Tunable filter using birefringent plasmonic structures and liquid crystals

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Driencourt, L.
Kazazis, D.
Ekinci, Y.
Federspiel, F.
Frantz, R.
Ferrini, R.
Gallinet, B.
An electrically tunable filter based on a plasmonic phase retarder and liquid crystal cells is reported. The plasmonic phase retarder consists of a periodic array of deep-subwavelength metallic nanostructures. A first entrance polarizer prepares the incident light in a polarization state oriented at 45° from the nanowires orientation. A strong phase retardation between TM and TE polarizations is induced by the plasmon resonances. A polarization analyzer based on liquid crystal cells allows to project the transmitted light onto a polarization state whose orientation depends on the applied voltage. Using this approach, a range of 8V is enough to span more than 50% of the area covered by standard RGB filters in CIE color coordinates with a single filter. In order to ensure the applicability to large area production, UV nanoimprint lithography (UV-NIL) and thin film coatings have been used to fabricate the plasmonic phase retarder. The nanoimprint master consists in a periodic binary grating with a sub-wavelength period below 200nm in order to avoid diffraction effects in the visible range and maximize the angular stability. The grating master is imprinted and coated with a silver thin film and encapsulated. The evaporation is performed with an angle, so that a self-shadowing effects prevents full coverage of the surface. The resulting structure consists in a periodic array of silver nanowires of total width 50nm, with a cross section forming an inverted U-shape. This particular shape shows a high degree of tunability of the plasmon resonance position given the constraints of a sub-wavelength periodicity. Multiple interfering resonances are observed so that the nominal transmission can reach >70%. Placed between a polarizer oriented at 45° from the nanowires orientation and a liquid crystal cell, the transmission spectrum of the plasmonic phase retarder can be tuned with the applied voltage. For a low voltage, the polarization transmitted through the liquid crystal cell is oriented along the gratings lines. For higher voltage, the light transmitted through the liquid crystal cell is oriented across the grating lines and the resulting spectrum has a dip in transmission, which is the signature of a plasmon resonance. At a voltage of 8V, a full rotation of the polarization by 180° has been applied. Different colors can be obtained within this range, including orange, magenta, purple, blue, turquoise, green and yellow with the same tunable filter. Other designs have been investigated in order to obtain more saturated blue, green or red using this approach.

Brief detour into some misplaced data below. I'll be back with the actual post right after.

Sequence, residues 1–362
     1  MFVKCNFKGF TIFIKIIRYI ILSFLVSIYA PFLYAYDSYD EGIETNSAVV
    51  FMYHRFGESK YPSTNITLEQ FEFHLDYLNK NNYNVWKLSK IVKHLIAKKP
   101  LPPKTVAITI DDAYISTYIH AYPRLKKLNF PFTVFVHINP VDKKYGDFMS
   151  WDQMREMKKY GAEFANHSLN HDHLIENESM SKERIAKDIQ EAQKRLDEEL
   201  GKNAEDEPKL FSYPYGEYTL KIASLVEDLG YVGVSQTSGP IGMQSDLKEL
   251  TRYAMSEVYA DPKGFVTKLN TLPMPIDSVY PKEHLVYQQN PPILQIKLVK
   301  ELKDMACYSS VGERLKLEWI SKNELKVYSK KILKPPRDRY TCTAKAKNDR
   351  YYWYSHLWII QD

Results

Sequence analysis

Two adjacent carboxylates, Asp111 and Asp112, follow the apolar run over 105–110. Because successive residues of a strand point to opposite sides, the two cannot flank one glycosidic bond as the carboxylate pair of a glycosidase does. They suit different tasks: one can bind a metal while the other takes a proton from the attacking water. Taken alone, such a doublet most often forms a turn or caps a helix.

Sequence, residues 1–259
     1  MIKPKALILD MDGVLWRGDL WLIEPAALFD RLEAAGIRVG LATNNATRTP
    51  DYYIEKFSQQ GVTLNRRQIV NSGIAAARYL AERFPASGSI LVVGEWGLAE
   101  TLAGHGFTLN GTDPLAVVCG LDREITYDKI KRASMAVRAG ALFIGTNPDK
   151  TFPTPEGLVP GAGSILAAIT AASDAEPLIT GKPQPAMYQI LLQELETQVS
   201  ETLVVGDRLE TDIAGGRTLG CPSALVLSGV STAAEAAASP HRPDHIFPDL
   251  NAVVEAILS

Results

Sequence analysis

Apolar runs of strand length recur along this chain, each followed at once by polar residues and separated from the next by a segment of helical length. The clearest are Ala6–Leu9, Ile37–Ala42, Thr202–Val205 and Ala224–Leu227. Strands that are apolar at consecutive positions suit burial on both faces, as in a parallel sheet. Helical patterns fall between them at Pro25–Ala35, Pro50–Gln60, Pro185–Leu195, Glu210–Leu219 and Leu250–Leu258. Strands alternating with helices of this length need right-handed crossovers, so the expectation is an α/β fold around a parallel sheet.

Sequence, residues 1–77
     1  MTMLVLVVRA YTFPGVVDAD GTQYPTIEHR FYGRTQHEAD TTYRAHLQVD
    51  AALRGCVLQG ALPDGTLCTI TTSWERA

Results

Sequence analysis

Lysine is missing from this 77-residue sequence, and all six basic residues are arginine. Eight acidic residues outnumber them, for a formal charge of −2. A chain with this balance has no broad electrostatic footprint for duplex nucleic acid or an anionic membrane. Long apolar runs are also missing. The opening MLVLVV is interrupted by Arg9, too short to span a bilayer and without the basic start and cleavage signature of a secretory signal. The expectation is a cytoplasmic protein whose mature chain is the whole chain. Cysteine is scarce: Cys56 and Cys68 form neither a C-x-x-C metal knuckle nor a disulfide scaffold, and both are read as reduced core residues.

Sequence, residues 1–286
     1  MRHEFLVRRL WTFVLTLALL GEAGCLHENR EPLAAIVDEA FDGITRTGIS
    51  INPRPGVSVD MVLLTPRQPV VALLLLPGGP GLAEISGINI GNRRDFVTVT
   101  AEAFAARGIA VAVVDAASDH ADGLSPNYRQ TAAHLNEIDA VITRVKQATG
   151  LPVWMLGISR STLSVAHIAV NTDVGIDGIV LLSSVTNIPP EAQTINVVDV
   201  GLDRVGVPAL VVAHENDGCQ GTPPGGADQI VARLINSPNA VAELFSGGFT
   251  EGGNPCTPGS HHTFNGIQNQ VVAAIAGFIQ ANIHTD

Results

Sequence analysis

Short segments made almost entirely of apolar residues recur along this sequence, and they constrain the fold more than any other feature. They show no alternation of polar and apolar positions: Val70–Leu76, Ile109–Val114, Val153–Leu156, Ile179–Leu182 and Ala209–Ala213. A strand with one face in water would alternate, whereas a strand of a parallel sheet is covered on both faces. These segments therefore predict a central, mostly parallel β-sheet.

Publication Reference
SPIE digital optical technologies, June 2019.